Plasmodium vivax Infection Impairs Regulatory T-Cell Suppressive Function During Acute Malaria.
Costa PAC., Figueiredo MM., Diniz SQ., Peixoto APMM., Maloy KJ., Teixeira-Carvalho A., Tada MS., Pereira DB., Gazzinelli RT., Antonelli LRV.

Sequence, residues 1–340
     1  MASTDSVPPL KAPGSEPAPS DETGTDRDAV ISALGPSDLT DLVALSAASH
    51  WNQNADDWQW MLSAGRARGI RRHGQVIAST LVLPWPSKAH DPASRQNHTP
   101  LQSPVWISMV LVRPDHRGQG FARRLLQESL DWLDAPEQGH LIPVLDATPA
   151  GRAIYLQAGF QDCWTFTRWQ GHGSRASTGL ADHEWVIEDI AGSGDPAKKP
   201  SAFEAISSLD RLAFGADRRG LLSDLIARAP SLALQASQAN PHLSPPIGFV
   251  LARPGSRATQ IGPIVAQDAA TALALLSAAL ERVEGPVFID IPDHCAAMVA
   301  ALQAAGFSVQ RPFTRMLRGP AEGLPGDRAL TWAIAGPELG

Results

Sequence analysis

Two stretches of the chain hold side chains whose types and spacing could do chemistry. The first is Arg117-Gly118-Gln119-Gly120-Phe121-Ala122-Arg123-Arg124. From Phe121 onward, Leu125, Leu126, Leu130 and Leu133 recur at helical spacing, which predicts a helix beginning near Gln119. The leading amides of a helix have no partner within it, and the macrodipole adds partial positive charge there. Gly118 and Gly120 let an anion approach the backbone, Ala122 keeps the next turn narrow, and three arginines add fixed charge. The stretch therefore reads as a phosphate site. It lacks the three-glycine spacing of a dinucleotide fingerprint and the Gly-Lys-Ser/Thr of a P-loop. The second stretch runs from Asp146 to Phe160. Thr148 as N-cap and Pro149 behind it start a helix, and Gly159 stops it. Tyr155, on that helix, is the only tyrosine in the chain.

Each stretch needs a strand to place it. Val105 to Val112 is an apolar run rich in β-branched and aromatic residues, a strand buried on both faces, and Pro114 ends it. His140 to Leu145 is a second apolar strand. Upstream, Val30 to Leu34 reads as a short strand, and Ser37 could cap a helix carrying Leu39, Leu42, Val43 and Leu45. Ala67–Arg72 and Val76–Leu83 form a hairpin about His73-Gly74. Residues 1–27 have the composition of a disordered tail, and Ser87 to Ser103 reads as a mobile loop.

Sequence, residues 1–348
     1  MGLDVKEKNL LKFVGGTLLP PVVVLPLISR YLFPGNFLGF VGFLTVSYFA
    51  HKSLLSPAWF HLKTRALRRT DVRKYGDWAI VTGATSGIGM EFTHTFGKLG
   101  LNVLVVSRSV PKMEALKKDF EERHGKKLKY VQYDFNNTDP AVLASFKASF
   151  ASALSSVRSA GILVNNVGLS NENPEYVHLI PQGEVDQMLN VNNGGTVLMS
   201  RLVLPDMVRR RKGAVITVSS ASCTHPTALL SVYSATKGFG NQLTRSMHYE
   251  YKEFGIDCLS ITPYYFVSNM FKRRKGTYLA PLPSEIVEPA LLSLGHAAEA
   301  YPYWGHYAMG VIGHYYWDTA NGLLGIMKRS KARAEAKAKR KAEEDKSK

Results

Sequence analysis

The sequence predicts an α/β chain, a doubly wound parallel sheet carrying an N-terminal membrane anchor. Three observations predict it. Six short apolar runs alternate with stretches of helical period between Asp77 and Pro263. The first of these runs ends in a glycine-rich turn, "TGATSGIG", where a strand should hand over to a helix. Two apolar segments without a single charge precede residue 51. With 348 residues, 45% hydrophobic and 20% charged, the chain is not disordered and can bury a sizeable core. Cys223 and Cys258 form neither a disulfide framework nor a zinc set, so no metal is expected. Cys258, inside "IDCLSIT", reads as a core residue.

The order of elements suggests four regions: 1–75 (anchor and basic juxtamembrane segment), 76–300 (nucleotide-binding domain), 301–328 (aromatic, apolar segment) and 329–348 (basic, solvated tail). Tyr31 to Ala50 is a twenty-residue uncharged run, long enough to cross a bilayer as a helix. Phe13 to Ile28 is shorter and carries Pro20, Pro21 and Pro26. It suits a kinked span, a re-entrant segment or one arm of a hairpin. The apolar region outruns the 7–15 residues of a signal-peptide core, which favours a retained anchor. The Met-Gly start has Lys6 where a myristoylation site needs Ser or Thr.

The balance between pro- and antiinflammatory mechanisms is essential to limit immune-mediated pathology, and CD4+ forkhead box P3 (Foxp3+) regulatory T cells (Treg) play an important role in this process. The expression of inhibitory receptors regulates cytokine production by Plasmodium vivax-specific T cells. Our goal was to assess the induction of programmed death-1 (PD-1) and cytotoxic T-lymphocyte antigen (CTLA-4) on Treg during malaria and to evaluate their function. We found that P. vivax infection triggered an increase in circulating Treg and their expression of CTLA-4 and PD-1. Functional analysis demonstrated that Treg from malaria patients had impaired suppressive ability and PD-1+Treg displayed lower levels of Foxp3 and Helios, but had higher frequencies of T-box transcription factor+ and interferon-gamma+ cells than PD-1-Treg. Thus malaria infection alters the function of circulating Treg by triggering increased expression of PD-1 on Treg that is associated with decreased regulatory function and increased proinflammatory characteristics.